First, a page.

Andrea Levy’s Small Island (£14.99), which won the Orange Prize last month, is a brilliant read. Levy captures the racism, both overt and subtle, faced by West Indian immigrants in post Second World War Britain in a moving and often funny way. She weaves together the lives of four characters, black and white, and in the process gives a fascinating picture of life in Britain before, during and after the Second World War. Through the gripping personal stories of its protagonists, the novel depicts the immense social changes in Britain, and its colonies, wrought by the Second World War. It shows the contempt and racism with which the establishment treated the black men who fought for Britain, like the character Gilbert Joseph who was in the RAF. And it also depicts how the experience and expectations of women were changed forever through their experience of the war. Its themes of racism, immigration and social change are more than relevant for today, and above all it’s a thoroughly enjoyable read.
Richard and Judy’s ‘Book Club’ came up with a gem earlier this year with Joseph O’Connor’s excellent Star of the Sea. Now Richard and Judy are picking their recommended summer reads. I really enjoyed one of their choices, The Mermaid and the Drunks by Ben Richards. It is a thought provoking story, part political thriller and part love story, set in the post-Pinochet Chile of privatisation and crooked deals. As the story unfolds, Chile’s past – the bloody aftermath of the coup against Allende and the brutality of Pinochet’s dictatorship – are never far away. I became hooked on the story and would recommend it to anyone heading off for their holidays this summer.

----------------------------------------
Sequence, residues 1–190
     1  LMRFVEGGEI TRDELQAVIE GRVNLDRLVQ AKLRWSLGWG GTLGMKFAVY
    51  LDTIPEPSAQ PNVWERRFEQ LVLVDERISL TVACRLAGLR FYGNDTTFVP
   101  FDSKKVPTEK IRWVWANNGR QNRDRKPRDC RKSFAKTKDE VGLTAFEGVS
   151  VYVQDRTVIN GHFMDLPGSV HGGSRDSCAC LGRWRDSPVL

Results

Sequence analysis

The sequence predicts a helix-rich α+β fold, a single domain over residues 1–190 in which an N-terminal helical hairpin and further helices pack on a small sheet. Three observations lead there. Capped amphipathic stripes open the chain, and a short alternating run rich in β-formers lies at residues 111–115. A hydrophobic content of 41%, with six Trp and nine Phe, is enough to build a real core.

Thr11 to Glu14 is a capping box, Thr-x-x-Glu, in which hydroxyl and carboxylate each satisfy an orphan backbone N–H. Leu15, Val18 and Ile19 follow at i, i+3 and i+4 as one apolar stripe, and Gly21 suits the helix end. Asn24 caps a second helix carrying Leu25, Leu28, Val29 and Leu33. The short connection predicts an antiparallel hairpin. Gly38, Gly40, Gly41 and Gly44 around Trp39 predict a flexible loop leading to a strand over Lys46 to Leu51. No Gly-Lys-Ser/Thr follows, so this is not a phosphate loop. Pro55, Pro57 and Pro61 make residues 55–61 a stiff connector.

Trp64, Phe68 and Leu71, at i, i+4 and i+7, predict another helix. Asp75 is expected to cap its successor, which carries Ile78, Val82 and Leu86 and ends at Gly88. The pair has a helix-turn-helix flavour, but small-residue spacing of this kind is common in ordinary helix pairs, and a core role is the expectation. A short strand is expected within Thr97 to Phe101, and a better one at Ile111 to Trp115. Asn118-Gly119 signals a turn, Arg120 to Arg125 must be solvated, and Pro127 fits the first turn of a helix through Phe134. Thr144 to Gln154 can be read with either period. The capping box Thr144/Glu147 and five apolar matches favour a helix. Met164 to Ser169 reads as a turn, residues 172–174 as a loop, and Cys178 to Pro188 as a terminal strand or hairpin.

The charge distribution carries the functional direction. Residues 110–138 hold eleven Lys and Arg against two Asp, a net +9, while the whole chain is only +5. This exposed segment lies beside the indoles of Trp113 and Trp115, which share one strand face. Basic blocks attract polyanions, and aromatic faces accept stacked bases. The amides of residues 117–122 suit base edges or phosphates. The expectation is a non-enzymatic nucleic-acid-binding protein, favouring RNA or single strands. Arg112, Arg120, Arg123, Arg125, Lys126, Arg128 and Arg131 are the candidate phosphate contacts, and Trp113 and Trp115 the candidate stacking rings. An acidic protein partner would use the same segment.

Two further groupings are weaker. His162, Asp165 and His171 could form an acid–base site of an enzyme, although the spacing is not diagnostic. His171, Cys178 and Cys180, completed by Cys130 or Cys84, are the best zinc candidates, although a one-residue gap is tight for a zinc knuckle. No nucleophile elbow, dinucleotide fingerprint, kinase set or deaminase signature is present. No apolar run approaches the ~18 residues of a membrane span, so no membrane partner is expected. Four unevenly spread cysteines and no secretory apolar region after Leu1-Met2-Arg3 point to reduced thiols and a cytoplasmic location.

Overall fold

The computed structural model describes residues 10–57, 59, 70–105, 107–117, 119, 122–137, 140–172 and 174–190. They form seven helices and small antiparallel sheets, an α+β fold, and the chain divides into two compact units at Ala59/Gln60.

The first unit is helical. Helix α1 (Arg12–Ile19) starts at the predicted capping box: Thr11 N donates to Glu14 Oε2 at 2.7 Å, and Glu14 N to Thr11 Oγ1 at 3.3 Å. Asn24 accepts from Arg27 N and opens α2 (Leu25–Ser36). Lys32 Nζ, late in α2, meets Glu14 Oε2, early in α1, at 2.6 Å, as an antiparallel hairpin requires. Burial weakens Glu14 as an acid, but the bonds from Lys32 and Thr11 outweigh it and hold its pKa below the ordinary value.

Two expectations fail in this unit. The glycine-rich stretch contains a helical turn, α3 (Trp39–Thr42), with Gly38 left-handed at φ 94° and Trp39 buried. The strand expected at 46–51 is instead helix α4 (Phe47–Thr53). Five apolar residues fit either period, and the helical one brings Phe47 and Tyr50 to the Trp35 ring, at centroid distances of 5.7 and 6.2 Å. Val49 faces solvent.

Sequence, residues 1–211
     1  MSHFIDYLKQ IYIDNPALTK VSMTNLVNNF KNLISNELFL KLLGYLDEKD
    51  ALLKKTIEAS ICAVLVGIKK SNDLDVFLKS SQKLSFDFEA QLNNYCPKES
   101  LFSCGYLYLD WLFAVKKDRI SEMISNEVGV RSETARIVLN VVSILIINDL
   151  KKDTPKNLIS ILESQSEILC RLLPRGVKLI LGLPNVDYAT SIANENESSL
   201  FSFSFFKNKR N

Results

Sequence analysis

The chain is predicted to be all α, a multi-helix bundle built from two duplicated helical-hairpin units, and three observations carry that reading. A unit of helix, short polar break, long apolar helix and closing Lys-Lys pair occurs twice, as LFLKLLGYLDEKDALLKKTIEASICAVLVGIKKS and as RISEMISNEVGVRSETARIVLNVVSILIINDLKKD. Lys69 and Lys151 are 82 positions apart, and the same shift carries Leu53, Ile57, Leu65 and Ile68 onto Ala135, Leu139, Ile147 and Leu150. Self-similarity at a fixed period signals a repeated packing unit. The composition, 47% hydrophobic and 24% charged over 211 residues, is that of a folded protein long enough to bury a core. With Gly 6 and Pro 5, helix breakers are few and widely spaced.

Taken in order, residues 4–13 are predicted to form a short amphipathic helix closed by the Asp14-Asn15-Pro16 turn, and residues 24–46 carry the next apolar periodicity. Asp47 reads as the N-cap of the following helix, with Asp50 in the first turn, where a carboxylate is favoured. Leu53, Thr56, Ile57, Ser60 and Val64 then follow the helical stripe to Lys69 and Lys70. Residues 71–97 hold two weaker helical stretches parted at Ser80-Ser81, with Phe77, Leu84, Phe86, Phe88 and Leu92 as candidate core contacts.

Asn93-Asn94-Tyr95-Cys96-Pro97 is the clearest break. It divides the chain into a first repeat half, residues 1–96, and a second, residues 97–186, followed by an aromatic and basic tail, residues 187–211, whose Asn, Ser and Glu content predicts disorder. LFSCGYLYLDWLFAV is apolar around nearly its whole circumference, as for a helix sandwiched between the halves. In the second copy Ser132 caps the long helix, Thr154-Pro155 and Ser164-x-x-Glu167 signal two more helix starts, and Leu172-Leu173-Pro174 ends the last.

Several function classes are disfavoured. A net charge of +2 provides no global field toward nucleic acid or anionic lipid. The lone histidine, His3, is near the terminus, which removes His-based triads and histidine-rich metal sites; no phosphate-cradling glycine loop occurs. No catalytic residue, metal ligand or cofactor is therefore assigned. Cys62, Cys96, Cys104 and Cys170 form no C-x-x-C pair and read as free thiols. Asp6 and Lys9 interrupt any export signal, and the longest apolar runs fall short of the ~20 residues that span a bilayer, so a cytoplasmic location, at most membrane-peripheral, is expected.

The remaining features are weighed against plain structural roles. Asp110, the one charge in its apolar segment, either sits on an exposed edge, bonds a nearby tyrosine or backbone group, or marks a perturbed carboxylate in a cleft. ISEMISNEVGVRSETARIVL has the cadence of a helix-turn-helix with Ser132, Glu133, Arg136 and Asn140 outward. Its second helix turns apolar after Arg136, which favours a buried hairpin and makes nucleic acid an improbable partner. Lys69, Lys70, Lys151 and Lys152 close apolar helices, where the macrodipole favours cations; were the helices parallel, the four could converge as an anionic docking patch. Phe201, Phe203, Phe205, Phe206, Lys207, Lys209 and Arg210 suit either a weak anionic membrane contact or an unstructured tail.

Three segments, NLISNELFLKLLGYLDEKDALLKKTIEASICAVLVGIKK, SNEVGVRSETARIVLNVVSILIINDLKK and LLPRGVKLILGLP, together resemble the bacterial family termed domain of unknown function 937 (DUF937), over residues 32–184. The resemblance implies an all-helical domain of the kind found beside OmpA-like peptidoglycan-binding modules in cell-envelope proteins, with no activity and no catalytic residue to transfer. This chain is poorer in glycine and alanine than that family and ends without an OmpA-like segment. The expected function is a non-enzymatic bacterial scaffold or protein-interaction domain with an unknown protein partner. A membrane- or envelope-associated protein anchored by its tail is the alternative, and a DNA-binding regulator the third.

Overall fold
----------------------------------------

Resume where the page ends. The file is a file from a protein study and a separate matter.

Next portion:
Such has been the mood against George W Bush, it has become easier to count the bookshops that don’t have an anti-Bush book display than those that do. Publishing companies certainly seem to know a ready market when they see it. Even the latest issue of the Bookseller, the publishers’ magazine that goes out to all bookshops, saw fit to run its own anti-Bush feature. In its ‘Bush Beleaguered’ section it ran some of the latest of the many anti-Bush books out at the moment. These included Gaydon Carter’s What We’ve Lost, ‘An impassioned account of how the Bush administration has curtailed freedoms, mortgaged the economy, ravaged the environment and damaged America’s standing in the world.’
A Socialist Review reader emailed, ‘A lunchtime concert by anti-Zionist Israeli Gilad Atzmon not only gave me an opportunity to buy Exile, but also to get hold of a copy of the Michelin Guide to Israeli Prisons, Jails, Concentration Camps and Torture Chambers. In a matter of fact style, it provides a chilling description of the camps and routes, and includes maps and an account by an Israeli soldier of the attitudes at checkpoints, unofficially translated from Hebrew. The editors sought permission to use them, were denied, but printed anyway. As Gilad said, “Get a copy before they all get pulled”.’
We had a great start to our Socialist Review Book Club last month. I thoroughly enjoyed our discussion about the novel Purple Hibiscus, which encompassed the effects of colonialism, Nigerian politics, the role of religion, domestic violence and more. We decided to meet on the last Friday of every month, and are welcoming new members. In June we met to discuss Yann Martell’s Life of Pi, and on Friday 30 July we’ll be talking about Rohinton Mistry’s A Fine Balance. Bookmarks are offering a discount for Book Club members. Join us at 7pm at Bookmarks bookshop, 1 Bloomsbury Street, London WC1B.
If you are going to the Marxism 2004 event in July, do look out for me at the Socialist Review stall. We want to get together all those who want to contribute to our book review pages. Email me at [email protected].
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